Ahec unveils ‘Seed to Seat’ furniture collaborative http://buff.ly/2n0dDAu
Forest Service counts 96.6 billion trees in latest tally of U.S. forests | via Woodworking Network http://buff.ly/2mWNNwF
One sure fire way to refresh an interior is to put in new hardwood flooring. But for most of us, the idea of replacing an entire floor seems overwhelming, unless you’re lucky enough to find a good, reliable, reasonably priced contractor to do the job. There are now several websites to assist homeowners find vetted building professionals in their part of the country. I’ve been particularly impressed by Sweeten, a free service in the New York City and Philadelphia metropolitan areas, that not only helps clients find the best local design and construction experts for their projects, but also provides a lot of valuable information about whatever type of home renovation is under consideration, including floor renovation. Here are three examples of their flooring work that caught my eye.
“During” and “After” pictures of a Williamsburg, Brooklyn, kitchen renovation that included installing handsome new walnut flooring. Photographs courtesy Sweeten
A young couple, first-time homeowners of an older 1,800-square-foot, two-story townhouse in Williamsburg, Brooklyn, needed a general contractor to renovate their outdated bathroom and kitchen. So they posted a description of their project, including its current condition and the scope of work required, on the Sweeten website to get matched with an appropriately skilled local contractor. From the list offered, they chose sustainability design-build specialists Ecostruct, who worked with the couple on everything from the overall design concepts to the practicality of materials, before beginning construction on the four-month project. The entire process is documented in text and images on the Sweeten website, but I was particularly taken with the handsome new knotty walnut floors in the kitchen—a 1,000-percent improvement over the bland beige tiles they replaced.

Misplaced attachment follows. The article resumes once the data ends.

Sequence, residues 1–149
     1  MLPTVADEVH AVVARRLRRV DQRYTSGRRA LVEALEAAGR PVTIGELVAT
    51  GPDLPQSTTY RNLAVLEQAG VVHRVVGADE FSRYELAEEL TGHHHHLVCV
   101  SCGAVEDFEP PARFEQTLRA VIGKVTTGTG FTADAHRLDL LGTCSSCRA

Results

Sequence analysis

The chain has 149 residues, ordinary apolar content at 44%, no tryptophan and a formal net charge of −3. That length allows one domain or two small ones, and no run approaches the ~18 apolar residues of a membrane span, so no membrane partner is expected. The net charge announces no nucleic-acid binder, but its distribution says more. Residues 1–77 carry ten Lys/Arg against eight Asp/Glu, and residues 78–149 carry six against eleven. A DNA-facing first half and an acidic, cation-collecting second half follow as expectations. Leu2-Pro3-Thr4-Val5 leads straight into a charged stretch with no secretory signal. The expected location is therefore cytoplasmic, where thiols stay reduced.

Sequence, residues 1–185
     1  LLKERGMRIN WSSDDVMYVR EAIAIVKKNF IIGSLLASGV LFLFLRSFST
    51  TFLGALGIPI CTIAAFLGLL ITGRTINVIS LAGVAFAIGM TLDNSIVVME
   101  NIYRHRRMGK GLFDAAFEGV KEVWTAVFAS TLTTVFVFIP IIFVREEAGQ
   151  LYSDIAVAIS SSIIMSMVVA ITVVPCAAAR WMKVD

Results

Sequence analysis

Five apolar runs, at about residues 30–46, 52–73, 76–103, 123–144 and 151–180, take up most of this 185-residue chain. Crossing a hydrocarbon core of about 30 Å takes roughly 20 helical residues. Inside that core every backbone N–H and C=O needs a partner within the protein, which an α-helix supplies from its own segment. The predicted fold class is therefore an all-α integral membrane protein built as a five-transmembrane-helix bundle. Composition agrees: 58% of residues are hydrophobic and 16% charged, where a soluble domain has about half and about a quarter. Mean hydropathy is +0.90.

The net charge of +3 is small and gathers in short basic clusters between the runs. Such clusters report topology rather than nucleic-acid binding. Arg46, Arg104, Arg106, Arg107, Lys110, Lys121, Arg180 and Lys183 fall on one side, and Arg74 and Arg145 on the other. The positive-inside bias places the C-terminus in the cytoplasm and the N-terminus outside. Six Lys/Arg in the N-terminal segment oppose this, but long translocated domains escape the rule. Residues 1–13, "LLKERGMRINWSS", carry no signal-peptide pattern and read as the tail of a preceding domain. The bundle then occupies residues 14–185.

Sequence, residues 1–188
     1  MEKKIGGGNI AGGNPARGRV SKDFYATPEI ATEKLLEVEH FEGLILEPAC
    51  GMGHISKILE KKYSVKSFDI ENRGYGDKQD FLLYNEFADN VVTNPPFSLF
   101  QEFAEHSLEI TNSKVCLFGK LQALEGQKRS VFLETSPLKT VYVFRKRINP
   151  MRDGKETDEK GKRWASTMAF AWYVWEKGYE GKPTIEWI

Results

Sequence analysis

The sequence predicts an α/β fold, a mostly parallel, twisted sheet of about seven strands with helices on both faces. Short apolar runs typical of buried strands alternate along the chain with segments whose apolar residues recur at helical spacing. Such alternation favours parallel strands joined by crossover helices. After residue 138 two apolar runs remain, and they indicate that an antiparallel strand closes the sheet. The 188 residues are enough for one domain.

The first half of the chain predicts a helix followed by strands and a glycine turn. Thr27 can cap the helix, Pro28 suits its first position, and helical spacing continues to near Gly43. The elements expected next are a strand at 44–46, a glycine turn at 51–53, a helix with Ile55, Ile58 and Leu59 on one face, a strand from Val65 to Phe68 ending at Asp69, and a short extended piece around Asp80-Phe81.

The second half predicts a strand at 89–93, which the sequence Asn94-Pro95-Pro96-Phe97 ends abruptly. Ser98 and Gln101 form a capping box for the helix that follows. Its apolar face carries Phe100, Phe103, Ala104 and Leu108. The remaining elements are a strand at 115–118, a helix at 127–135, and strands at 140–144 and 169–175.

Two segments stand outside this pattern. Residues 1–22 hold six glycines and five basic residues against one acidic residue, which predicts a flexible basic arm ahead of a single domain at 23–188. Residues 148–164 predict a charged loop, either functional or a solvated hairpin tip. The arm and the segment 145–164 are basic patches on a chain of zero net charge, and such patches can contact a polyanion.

The renovation of this Brooklyn kitchen involved replacing an area of “before” floor tile with new “after” hardwood parquet matched to the original, which is no longer produced. Photographs courtesy Sweeten
Many older New York apartments have hardwood parquet floors. Such was the case in a Prospect Heights, Brooklyn, residence, except for the kitchen area, which had been tiled off, chopping up the open-plan living space and creating a clunky raised border to trip over. When the apartment owners decided to upgrade the kitchen, Sweeten matched them up with Alan B., a builder who, the client says, “was willing to wait through the time that we were re-designing things.” The final plan called for tearing out cabinetry, creating multiple open and closed storage, and installing an island. But to my mind the floor is where Alan and his team excelled: Thanks to their painstaking work cutting and staining new oak tongue-and-groove planks to match the original parquet, which is no longer available, the kitchen now flows seamlessly into the living area.
“Before” it was renovated, this Manhattan apartment had light-stained oak floors, which were given a dark finish to create an “After” interior of great sophistication. Photographs courtesy Sweeten